Not all countries have the same oligarchic power structures, though. One indicator: the latest Forbes list, based on market values as of mid-February 2009, puts the US as the world’s only large country with more than one billionaire per million inhabitants, and the one with the highest number of billionaires per unit of GDP behind Saudi Arabia. The “billionaire density” is about three times less in the EU, with wide variations – higher in Germany, lower in France or Italy, and close to the EU average in the UK if only British citizens are counted. Even at a low point of its equity market, Russia remains a billionaire-heavy nation, with more per unit of GDP than any country in the EU except tiny Cyprus. Interestingly, this same measure now puts China (including Hong Kong) above the EU, albeit still way below the US.
Oligarchic power also highly depends on size, as Adam Posen, an American economist, had noted just before the crisis: in a small country or regional government, the wealthy few can more easily control the scene than in a large and diverse system (on the other hand, decentralization lowers the risks of bureaucratic capture or of policymakers’ estrangement from local realities). From this standpoint, EU institutions may be less prone to oligarchic capture than individual member states. Lobbying is certainly more conspicuous in Brussels than in many national capitals, but partly because it is more transparent -though still insufficiently so. Business elites are generally too diverse in Europe to form a single social group, which comparatively limits their ability to direct the policy process. National oligarchies often attempt to influence EU-level decisions indirectly through national governments, especially of large countries, rather than directly in Brussels.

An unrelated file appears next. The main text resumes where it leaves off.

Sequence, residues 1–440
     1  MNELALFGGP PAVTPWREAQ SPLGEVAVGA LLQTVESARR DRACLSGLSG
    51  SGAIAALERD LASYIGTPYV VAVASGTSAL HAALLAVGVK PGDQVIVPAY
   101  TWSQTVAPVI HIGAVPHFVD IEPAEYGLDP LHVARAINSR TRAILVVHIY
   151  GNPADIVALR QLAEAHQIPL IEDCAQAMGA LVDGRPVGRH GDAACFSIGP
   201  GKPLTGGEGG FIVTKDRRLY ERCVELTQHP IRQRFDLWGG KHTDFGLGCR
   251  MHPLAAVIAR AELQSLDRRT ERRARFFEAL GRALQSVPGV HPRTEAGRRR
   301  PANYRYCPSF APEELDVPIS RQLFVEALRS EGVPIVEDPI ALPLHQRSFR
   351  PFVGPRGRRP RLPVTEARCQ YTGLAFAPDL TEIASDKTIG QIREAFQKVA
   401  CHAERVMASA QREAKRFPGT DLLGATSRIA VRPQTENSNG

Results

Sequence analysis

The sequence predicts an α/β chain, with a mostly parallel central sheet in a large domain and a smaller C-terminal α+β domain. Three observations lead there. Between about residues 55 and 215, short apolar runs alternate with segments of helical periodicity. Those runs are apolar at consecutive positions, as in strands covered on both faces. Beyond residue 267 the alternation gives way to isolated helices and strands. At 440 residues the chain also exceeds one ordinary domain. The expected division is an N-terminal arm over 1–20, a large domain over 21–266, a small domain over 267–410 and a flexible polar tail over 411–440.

Still, capture by moneyed oligarchies remains a potential threat to Europe as to other economies. In the current context, their resistance, for instance from the banking-political complex in Germany, is a major cause of continental Europe’s failure so far to adequately restructure its banking system, a necessary condition to restore functioning credit provision.
Two policy priorities stand out. One is to keep oligarchs in check by preventing them from unduly seizing economic rents that would make their power self-reinforcing: competition policy is the key tool for this. The other is to ensure that special interests are matched by the power of citizenry, which calls for able and accountable public institutions at the level of the EU as much as of individual member states. In Europe as elsewhere in the world, the crisis has both underlined the importance of such efforts, and exacerbated their difficulty.

Nicolas Véron is a research fellow at Bruegel ([email protected]).

This column was also published in La Tribune (France) Cajing (China), Czech Business Weekly, the Russian edition of Forbes magazine, and the Australian Financial Review.